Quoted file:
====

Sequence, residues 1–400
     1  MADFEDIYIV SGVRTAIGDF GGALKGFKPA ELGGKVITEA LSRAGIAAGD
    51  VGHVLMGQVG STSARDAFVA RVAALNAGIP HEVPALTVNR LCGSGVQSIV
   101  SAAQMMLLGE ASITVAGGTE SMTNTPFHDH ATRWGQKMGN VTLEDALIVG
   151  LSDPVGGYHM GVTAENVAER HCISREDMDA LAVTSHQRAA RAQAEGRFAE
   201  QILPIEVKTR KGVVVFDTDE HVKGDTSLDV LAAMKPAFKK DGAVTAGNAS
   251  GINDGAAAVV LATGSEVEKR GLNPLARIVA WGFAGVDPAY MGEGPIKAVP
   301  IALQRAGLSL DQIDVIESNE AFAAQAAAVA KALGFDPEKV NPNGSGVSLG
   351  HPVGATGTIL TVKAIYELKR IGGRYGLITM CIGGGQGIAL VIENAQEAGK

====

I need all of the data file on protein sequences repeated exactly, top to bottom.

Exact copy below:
Sequence, residues 1–400
     1  MADFEDIYIV SGVRTAIGDF GGALKGFKPA ELGGKVITEA LSRAGIAAGD
    51  VGHVLMGQVG STSARDAFVA RVAALNAGIP HEVPALTVNR LCGSGVQSIV
   101  SAAQMMLLGE ASITVAGGTE SMTNTPFHDH ATRWGQKMGN VTLEDALIVG
   151  LSDPVGGYHM GVTAENVAER HCISREDMDA LAVTSHQRAA RAQAEGRFAE
   201  QILPIEVKTR KGVVVFDTDE HVKGDTSLDV LAAMKPAFKK DGAVTAGNAS
   251  GINDGAAAVV LATGSEVEKR GLNPLARIVA WGFAGVDPAY MGEGPIKAVP
   301  IALQRAGLSL DQIDVIESNE AFAAQAAAVA KALGFDPEKV NPNGSGVSLG
   351  HPVGATGTIL TVKAIYELKR IGGRYGLITM CIGGGQGIAL VIENAQEAGK